As for the restaurant business there we can say that any dilapidated hut, even just a metal stall has a proud name of a restaurant. Though, the writing of this word is varied too (like in the case with omelette).
Still in Bahundanda the restaurant keeper said something about Yulia’s bravery after she had noticed her backpack. It turned out that people in Nepal go to the mountains with a porter or a guide. That is why so many people admired us, Yulia in particular, who had a huge backpack, too. But sometimes the porters can make a disservice as it had happened to the Canadians we met on the way.
Not far from Syange village we found a good place for a tent under the bridge over the river. The point was that near it there was a requiring payment camping ($1 for a tent), and we managed to put the tent for free. I have to mention that we never paid for the tent and I think that it is smut to take money for it. Soon a woman came up to us and asked if they could put their tent near ours. Of course we said that everyone could do there what they wanted as it was free ground.
So we put up our tents together. But her husband was not lucky in it and there occurred some fights between them. When it was getting dark a kind of local beggar, it could have been a herder, came up to their tent and addressing to the porters started claiming something. Soon we heard our neighbor talking to that man in a loud voice. We got interested and went out to check what the reason was. From their conversation we learned that this ground was prepared for mules’ pasture. And on this account the herder actively, I would rather say aggressively demanded their putting up in the requiring payment camping. Apparently, it belonged to him.
All this time the husband of that woman kept silent sitting at the tent. Seeing despair the woman was in we decided to take part in that conflict. Telling it shortly using all dirty words we knew we explained the herder that we all had paid for the permits and could do there what we wanted unless otherwise. Whether he did us any harm we promised to make problems for him after our getting to the nearest ACAP office. At last, thanks to Heaven, he realized there was nobody to throw him any cash. He went away to his mules bursting loudly. So, if the Canadians hadn’t had the porters, the locals wouldn’t have come up to them as they did not know English.
After the herder’s leaving the concert began. Now our Canadians were sorting out their relationship, discussing the husband’s behavior during that conflict. Then he tried to light the primus stove, slowly and with difficulties. This couple didn’t let us sleep. They had been fighting till late night. Apparently, the reason of their conflict was not only in the tent putting up and lighting the primus stove…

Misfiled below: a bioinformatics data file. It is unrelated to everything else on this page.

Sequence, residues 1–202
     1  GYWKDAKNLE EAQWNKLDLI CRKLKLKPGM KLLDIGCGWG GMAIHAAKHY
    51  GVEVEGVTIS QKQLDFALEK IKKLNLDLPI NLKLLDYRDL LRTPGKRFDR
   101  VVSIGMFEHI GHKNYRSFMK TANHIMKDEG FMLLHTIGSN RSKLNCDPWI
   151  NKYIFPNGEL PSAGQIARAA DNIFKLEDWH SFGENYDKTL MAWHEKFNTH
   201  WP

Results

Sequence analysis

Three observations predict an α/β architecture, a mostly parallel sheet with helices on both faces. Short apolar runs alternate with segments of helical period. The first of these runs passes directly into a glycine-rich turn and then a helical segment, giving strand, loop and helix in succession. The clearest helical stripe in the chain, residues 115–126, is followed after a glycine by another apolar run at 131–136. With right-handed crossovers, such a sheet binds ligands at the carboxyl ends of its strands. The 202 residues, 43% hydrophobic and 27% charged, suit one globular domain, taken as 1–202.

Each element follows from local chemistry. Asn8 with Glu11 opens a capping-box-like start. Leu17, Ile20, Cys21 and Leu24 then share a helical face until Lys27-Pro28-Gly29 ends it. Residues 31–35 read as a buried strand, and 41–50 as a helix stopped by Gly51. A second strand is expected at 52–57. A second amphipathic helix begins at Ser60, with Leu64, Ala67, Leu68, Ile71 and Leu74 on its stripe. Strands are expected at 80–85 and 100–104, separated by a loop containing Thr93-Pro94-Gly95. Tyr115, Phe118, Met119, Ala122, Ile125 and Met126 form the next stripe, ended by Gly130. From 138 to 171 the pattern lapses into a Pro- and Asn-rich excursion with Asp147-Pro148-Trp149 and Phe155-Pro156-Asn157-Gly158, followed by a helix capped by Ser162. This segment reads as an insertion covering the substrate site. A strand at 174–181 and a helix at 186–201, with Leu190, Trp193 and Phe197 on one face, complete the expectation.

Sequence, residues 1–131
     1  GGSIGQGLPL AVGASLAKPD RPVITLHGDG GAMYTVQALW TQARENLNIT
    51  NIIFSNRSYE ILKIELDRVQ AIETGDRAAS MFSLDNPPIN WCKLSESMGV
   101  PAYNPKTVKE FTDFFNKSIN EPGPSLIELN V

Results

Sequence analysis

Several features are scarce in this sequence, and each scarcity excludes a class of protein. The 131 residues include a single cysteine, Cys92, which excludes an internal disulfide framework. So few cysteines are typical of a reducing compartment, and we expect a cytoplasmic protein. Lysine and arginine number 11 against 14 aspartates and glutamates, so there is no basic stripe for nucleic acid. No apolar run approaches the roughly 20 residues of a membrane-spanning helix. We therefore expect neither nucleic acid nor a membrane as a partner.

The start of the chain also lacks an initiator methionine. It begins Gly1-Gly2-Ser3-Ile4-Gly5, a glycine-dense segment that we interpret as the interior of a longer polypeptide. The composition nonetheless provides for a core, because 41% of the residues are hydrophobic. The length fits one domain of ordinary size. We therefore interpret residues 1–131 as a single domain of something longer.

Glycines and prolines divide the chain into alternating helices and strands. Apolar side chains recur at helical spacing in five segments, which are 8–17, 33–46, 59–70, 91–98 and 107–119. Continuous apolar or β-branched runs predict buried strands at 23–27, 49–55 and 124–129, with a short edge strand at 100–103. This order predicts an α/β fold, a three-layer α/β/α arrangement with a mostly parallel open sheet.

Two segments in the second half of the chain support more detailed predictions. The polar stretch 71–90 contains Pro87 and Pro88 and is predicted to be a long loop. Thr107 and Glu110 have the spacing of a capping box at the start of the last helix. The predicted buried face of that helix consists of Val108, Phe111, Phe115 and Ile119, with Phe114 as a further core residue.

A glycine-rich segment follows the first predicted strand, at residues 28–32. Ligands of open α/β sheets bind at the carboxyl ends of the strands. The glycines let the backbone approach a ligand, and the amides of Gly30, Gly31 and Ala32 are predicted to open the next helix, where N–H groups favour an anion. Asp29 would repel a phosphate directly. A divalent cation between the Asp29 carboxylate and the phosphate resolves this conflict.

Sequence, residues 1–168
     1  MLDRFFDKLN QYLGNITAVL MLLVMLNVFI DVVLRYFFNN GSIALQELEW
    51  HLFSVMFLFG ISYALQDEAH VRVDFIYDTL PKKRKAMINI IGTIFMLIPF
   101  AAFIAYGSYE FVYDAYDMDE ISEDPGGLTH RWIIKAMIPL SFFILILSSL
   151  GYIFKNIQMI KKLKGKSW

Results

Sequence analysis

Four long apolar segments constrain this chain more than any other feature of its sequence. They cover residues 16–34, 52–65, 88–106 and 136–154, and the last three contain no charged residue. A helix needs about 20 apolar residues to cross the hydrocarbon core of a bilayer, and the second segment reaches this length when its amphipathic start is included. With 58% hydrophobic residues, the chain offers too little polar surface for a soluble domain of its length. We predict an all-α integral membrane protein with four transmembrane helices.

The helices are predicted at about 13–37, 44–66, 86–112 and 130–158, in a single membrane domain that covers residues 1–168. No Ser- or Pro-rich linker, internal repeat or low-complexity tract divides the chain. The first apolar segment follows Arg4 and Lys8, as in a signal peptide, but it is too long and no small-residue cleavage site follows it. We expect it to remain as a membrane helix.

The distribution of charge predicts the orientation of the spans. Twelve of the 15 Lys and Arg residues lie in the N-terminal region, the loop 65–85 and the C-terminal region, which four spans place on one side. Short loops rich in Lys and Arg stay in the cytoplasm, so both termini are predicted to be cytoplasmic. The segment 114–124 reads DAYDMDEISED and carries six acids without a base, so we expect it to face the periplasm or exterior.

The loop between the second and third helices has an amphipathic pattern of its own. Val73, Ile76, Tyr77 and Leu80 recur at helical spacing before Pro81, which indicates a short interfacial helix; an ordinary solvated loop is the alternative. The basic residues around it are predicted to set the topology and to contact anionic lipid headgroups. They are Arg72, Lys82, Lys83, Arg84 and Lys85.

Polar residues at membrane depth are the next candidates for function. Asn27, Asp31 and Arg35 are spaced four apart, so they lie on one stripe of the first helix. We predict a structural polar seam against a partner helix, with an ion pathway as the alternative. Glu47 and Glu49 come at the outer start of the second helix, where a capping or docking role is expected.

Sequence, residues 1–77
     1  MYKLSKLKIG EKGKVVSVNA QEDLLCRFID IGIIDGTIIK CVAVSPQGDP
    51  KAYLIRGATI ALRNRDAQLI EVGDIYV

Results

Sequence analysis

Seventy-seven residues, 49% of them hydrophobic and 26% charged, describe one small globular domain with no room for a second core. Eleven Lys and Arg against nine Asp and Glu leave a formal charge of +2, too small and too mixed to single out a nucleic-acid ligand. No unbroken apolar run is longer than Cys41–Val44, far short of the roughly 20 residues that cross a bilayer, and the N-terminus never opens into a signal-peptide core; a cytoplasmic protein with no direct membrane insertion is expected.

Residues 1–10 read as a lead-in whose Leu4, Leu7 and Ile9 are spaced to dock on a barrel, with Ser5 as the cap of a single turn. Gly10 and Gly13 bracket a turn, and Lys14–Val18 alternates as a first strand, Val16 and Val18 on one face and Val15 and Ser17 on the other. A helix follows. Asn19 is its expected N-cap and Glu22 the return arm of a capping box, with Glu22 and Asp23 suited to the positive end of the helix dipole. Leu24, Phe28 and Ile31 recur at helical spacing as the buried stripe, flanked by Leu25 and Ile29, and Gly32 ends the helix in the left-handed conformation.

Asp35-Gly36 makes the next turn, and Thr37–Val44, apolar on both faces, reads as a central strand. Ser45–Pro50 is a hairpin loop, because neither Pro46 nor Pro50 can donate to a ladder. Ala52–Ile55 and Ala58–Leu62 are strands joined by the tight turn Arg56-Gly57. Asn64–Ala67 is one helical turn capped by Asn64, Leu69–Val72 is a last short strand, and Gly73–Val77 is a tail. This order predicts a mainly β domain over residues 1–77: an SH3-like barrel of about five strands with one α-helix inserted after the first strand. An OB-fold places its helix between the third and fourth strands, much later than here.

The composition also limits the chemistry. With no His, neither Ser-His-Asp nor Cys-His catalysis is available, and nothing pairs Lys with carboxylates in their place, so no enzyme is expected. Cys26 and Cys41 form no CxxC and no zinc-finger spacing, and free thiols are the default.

On the way from Syange a huge dog was seeing us off. It was waving with its tail very friendly. Dogs in Nepal are a special topic. They are like in constant nonstop nirvana, slow, lazy, without any aggression and curiosity to the passers by.
We were spending evenings playing cards. When we got bored with the cards, Dima and Pasha tried to play backgammon, but it was boring too. That is why we used to drink tea with some alcohol and chat. Yulia and Pasha had fresh impressions on Mongolia and China. One could understand from their talks that the Mongolians were the best and the Chinese were the worst. To tell the truth, I had my own plans for Mongolia, and their talks made me longing for it.
My favorite drink in those hot days was cool lemon, water with juice of a lime. It is awfully tasty, especially after a day’s walk with a heavy backpack. Somewhere in Tien-Shan I would drink cool water from the springs all the way, but here I was afraid to do it. Life in the mountains is very active here and consequently the water is not very clean.
Next day we passed the subtropical zone and got into the zone of the temperate climate. There was a real autumn, a bit chilly, with yellow leaves and frozen earth. Now it was much easier to walk and breathe.
It was a splendid opportunity to try the green fodder and take up to picking up as our ancestors did. Only the apples we picked up were not wild, but from the country. But this fact didn’t make them taste worse. On the contrary, there is something from childhood in picking up the apples. You have to get through the fence, still ripe apples and run away with these treasures unnoticed.
Approaching Pisang we met a group of Israeli guys one of which could speak Russian. Judging by his pronunciation we could say that he was out of practice and didn’t communicate in Russian much. And we were right. It appeared that Nathan’s parents moved to Israel when he was a little boy. Having served in the army, he set off on a half-year journey. He said such trips after the army are widespread in Israel. That’s a good tradition to be envious of. Besides, after the army activities all these crossings and passes were for them as easy as a pie. By the way, the Jews were the only people on the trek, to say nothing of us, who did it without porters and guides.
It should be said that they turned out to be quite friendly. The group we met at the pass (about 12 people) was forming chaotically from singles and couples. We repeatedly met all this company at the descent as well as in Pokhara.
Temperate climate caused us some inconvenience. It was becoming more and more unpleasant to spend nights in the tent. Cold and frozen we would hardly wake up in the morning. At night the temperature was below freezing and in the mornings the tent was all frosted over. Our sleeping bags designed according to the label and shop assistants’ assurance for minus 10 degrees centigrade could not even save us from zero temperature. We decided to sleep with our clothes on. All the same it was bitterly cold.